Statins could hold key in battle against multiple sclerosis 

19/03/2014 00:00 
A cheap cholesterol lowering drug could give hope to patients with advanced multiple sclerosis (MS), according to a study published in The Lancet.
 
 

No treatments can currently abate the advanced stage of the disease, known as secondary progressive MS (SPMS), which gradually causes patients to become more disabled.
 
In a two-year clinical trial involving 140 patients with secondary progressive MS, researchers from UCLH and UCL found that the drug simvastatin slowed brain shrinkage, which is thought to contribute to patients’ impairments.
 
Supporting this finding, patients on simvastatin – a cholesterol lowering drug - achieved better scores on movement tests and questionnaires that assess disability than patients taking a placebo.
 
This research is an exciting breakthrough, as up until now successful clinical trials have mainly focused on treatments for the relapsing-remitting form of multiple sclerosis (RRMS).
 
Dr Jeremy Chataway, consultant neurologist at the National Hospital for Neurology and Neurosurgery was lead author on the paper. His work is supported by the National Institute for Health Research University College London Hospitals Biomedical Research Centre.


He said: ‘In the progressive stage of MS the brain shrinks by about 0.6 per cent a year.
Our main measure of success was to reduce the rate of brain atrophy.


"Caution should be taken regarding over-interpretation of our brain imaging findings, because these might not necessarily translate into clinical benefit.


‘However, our promising results warrant further investigation in larger phase 3 disability-driven trials.


“The earlier, relapsing-remitting form of MS (RRMS), now has at least a dozen treatments after all the clinical trials over the last 20 years, but sadly for SPMS there are few disease modifying treatments. We hope this might be the start of finding an effective treatment for this stage of the disease.”
 
He added: “We were inspired to choose high dose simvastatin by a group in the US, in a trial for RRMS, which appeared to show some benefit.”
 
There are approximately 100,000 people in the UK with MS. At about 10-15 years into the disease, at least half will become secondary progressive, characterized by greater disability, and gradual worsening of the condition.  There are very few treatments that stop this worsening.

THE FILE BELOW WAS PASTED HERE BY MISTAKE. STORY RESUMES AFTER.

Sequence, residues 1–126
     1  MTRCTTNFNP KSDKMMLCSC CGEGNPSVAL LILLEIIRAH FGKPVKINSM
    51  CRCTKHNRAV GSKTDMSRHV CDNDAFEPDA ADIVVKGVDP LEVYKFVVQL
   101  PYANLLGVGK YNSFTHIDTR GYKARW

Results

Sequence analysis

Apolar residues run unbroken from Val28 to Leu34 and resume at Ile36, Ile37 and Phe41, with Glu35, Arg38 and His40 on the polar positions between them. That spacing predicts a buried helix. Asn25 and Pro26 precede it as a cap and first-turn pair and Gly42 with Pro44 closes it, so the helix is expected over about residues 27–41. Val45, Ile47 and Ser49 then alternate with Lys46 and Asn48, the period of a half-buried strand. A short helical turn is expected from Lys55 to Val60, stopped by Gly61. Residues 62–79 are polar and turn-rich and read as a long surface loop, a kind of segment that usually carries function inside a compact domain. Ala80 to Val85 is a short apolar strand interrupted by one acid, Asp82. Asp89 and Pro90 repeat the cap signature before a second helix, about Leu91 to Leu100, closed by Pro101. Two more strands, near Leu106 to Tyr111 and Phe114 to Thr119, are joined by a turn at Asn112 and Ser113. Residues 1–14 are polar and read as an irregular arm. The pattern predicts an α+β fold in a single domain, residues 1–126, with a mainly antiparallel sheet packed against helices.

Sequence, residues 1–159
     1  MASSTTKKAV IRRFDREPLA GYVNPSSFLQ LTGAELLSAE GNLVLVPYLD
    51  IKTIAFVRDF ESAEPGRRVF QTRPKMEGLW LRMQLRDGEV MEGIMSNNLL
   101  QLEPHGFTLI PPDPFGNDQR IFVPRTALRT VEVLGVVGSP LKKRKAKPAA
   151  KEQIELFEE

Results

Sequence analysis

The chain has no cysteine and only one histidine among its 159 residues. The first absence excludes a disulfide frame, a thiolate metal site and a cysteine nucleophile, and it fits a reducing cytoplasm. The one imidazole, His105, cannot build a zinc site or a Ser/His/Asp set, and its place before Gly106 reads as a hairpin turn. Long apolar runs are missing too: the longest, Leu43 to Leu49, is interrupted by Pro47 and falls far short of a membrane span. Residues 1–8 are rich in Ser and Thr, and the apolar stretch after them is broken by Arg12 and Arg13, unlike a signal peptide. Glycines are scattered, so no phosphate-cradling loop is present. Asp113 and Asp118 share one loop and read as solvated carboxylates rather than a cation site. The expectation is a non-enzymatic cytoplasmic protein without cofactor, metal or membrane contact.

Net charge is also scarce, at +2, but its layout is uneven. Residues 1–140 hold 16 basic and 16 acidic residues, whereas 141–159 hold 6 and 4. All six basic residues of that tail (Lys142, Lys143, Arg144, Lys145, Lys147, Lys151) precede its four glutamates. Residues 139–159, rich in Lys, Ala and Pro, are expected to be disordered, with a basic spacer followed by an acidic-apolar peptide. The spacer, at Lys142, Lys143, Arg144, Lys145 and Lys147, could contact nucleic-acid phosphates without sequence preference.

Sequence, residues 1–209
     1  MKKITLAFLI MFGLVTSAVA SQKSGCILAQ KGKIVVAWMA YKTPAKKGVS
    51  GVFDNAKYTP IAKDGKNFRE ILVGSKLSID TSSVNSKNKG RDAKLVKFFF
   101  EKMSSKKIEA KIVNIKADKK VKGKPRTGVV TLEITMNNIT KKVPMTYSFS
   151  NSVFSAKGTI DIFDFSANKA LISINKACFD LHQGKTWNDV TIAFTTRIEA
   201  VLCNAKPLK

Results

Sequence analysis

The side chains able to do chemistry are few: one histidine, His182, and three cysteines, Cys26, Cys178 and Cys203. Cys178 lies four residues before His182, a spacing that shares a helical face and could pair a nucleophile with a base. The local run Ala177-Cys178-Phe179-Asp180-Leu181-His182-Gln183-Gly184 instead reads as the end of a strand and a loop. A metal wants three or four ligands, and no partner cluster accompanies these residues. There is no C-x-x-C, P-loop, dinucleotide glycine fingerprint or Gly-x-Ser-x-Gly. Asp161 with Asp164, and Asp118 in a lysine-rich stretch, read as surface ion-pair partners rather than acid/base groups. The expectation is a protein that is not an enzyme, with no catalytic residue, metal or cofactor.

The drug simvastatin is usually used to lower cholesterol levels after heart attack and stroke. However there are downstream effects from the enzyme it blocks, which could theoretically improve blood vessel function or the entry of white blood cells into the central nervous system.
 
Researchers carried out a phase II proof of concept study to see the effect of high dosage on brain atrophy (shrinkage) in SPMS. Brain atrophy was measured using MRI (magnetic resonance imaging). The next step will be to see if the drug has a sustained effect on disability.
 
This study, developed and carried out over a seven-year period, used simvastatin at 80mg versus a dummy drug in 140 people with secondary progressive MS. The primary outcome was MRI based, focusing on brain atrophy. The rate of atrophy untreated is approximately 0.6% a year, which can be quantified over time using volumetric MRI.
 
Dr Chataway added: “We found the drugs were well tolerated, and that they reduced the rate of shrinkage by about 40%, which is really quite dramatic. There was also hints of an effect on disability, but as the trial was not powered with this in mind, this finding can only be described as exploratory.
 
“Although there was no immunological effects, simvastatin may have a vascular-protective role, and crucially perhaps, a neuroprotective role – as shown by reducing the rate of brain shrinkage. ”
 
The study provides an exciting platform that needs to be taken into a late phase III trial to see if the drug has a sustained effect on disability over a three-year period. Commenting on the possibilities of a phase III trial,

Dr Chataway said: “Simvastatin is an ideal candidate drug for treating secondary MS - not just because of the results of this study, and because of it’s well known safety profile, but also it is a re-purposed drug which may have a significant impact on reducing costs and increasing the chances of starting a phase III trial”.
  
Dean of the Faculty of Brain Sciences, UCL, Prof Alan Thompson added: “This is one of the first positive clinical trials for patients with secondary progressive MS and while a Phase III trial will be essential to confirm the results, it is a major contribution to the recent international initiative on progressive MS and complements the many other innovative studies being carried out by the MS team in central and east London under the auspices of MS@UCLP.”
 
The study was funded by J.P Moulton Foundation, Berkeley Foundation, Multiple Sclerosis Trials Collaboration, Rosetrees Trust and the National Institute for Health Research (NIHR) University College London Hospitals Biomedical Research Centre (BRC). 
 

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